by Mallory McDuff
The life expectancy of a free-range hamster in a Southern pasture is often short.
One breezy summer night, our young neighbor Lael brought her two hamsters to visit my 10-year old daughter, mere minutes before bedtime.
It’s hard to say no to this neighbor who often comes to our doorstep, holding her carrying case with its pink and brown leopard print, the cozy home for Stitch and Sunny, her black and yellow hamsters.
With her nymph-like features and high-pitched voice, Lael projects one singular message with her gaze: “Just five minutes, puh-leez????”
But a lot can change in a hamster’s life in a few minutes. And what happened next underscored to me those childhood lessons of how change happens in a heartbeat, especially in our landscape of rolling hills, fields, and forests.
As the sun began to dip beneath the pasture, under the shadow of the Appalachian Mountains, the girls chased Stitch and Sunny in the overgrown grass. The air smelled sweet, fragrant, and full of possibilities.
Around 8:15 p.m., I overheard Lael’s instructions to my daughter to “keep on eye on Sunny” while she watched Stitch. With those five words, Lael transferred the responsibility for this yellow hamster onto Annie Sky, who couldn’t have predicted the dramatic events that would unfold.
When I opened the screen door, I saw grass moving near a white drainage pipe and a furry yellow head popping out of the pipe, as if looking for intruders.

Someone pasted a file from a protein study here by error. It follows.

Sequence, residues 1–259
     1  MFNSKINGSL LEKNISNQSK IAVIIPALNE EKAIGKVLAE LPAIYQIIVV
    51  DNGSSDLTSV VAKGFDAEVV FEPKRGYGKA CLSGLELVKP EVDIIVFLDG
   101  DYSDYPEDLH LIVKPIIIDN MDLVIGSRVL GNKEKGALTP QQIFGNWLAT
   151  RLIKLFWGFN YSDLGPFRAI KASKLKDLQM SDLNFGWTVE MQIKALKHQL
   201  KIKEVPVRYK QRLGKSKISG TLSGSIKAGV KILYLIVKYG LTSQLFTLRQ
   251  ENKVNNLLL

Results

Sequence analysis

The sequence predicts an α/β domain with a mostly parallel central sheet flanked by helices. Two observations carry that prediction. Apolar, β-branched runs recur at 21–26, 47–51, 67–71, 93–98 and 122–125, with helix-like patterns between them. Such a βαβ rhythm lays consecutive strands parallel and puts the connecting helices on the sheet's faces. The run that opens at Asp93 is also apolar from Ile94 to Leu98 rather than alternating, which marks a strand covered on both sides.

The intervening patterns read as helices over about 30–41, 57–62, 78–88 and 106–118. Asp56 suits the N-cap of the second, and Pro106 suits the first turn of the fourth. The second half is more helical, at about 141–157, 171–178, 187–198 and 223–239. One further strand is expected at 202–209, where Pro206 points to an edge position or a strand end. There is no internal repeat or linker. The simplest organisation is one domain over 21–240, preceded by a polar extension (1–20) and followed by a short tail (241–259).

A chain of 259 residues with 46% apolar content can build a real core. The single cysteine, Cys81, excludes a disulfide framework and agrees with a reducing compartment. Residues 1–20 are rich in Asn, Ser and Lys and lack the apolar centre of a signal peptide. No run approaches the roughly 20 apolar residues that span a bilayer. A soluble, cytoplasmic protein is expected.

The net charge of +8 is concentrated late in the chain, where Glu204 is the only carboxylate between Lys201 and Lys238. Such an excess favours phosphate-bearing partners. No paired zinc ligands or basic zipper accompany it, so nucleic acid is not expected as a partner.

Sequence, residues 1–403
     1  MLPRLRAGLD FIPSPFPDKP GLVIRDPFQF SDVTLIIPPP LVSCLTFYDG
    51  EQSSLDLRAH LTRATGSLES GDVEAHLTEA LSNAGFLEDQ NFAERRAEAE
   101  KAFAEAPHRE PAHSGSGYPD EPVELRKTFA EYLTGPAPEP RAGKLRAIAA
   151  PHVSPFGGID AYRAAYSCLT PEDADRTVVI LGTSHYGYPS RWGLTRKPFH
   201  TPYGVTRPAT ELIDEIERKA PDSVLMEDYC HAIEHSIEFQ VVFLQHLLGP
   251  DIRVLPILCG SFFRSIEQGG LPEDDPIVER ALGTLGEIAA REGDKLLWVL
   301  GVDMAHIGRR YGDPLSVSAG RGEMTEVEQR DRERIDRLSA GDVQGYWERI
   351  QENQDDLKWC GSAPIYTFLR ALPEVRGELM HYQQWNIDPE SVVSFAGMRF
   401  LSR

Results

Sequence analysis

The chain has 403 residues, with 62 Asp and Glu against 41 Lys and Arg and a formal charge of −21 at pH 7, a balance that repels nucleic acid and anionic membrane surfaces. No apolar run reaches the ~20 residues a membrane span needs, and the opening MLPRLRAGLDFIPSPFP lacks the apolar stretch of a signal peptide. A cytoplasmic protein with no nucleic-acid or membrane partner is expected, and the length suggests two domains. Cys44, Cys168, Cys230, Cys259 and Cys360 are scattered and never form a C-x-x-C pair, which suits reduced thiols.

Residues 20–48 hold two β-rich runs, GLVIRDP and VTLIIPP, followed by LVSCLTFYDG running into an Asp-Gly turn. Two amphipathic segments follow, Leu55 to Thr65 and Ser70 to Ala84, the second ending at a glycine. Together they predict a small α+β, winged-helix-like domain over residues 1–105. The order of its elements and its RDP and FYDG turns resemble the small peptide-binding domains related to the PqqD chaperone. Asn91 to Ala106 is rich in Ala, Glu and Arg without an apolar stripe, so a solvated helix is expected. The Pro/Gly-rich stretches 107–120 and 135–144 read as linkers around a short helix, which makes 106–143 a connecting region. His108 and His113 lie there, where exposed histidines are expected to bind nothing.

This free-range hamster, under supervision, was now an escapee headed down a narrow drainage pipe, wide enough for an adult-sized fist. We all stared at each other, uncertain of our next steps.
“Let’s get lettuce!” Lael said breaking the spell. “That’s her favorite food!”
Annie Sky ran to the garden to grab the lettuce, realizing with each step that this escape might have been her fault.
“I shouldn’t have let her go, or I should have watched her more closely,” she said, shoving the lettuce inside the white pipe. Tears pooled in her eyes, spilling onto her cheeks as she dropped her lanky body onto the grass and peered into the dark hole, a possible death trap for Sunny.
“It’s not your fault,” said Lael. “It’s Sunny’s fault. She was the one who ran away.”
This perspective seemed reasonable to me, but Annie Sky wasn’t convinced—and Lael was putting on a good front—in the face of the loss.
Looking for reinforcements, I called my teenager from her Netflix haze to help with the crisis. My older daughter Maya used a broom to push a piece of lettuce further down the pipe, shining the light from a headlamp into the hole.
By 8:45 p.m. we continued to stare at the white pipe, as a dim orange and grey glow fell over the pasture.
Maya was the closest to the pipe when a yellow fuzzy face peered out of the pipe.
“Grab him!” yelled Lael, but Maya hesitated a mere second, and Sunny retreated beyond the curvature in the plastic, so we couldn’t see him at all.
“I forgot to mention that hamsters kind of freak me out,” Maya admitted.